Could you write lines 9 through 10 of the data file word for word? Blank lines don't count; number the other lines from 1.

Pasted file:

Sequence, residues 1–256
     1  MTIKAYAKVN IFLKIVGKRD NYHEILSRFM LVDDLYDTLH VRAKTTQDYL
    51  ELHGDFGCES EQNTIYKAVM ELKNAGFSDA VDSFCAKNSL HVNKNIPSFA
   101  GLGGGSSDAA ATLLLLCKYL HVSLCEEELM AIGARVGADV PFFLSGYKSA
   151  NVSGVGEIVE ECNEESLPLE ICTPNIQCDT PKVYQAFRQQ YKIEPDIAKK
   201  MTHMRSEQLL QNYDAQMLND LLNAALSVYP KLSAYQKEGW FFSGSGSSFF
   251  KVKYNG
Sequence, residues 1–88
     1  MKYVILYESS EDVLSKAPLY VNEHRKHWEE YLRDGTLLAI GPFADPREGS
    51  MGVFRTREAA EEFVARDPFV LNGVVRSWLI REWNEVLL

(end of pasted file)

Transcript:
     1  MKYVILYESS EDVLSKAPLY VNEHRKHWEE YLRDGTLLAI GPFADPREGS
    51  MGVFRTREAA EEFVARDPFV LNGVVRSWLI REWNEVLL